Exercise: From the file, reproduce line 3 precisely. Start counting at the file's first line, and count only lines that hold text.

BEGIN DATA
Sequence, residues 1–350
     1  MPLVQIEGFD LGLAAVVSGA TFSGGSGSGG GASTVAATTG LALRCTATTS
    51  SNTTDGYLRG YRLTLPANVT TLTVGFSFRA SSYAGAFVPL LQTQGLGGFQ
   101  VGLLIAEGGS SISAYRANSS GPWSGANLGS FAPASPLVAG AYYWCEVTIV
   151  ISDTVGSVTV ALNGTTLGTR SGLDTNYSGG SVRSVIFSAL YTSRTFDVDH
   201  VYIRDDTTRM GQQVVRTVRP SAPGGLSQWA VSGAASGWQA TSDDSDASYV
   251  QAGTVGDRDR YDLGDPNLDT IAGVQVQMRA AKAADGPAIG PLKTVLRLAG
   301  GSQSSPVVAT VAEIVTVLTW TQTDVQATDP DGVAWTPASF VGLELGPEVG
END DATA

    51  SNTTDGYLRG YRLTLPANVT TLTVGFSFRA SSYAGAFVPL LQTQGLGGFQ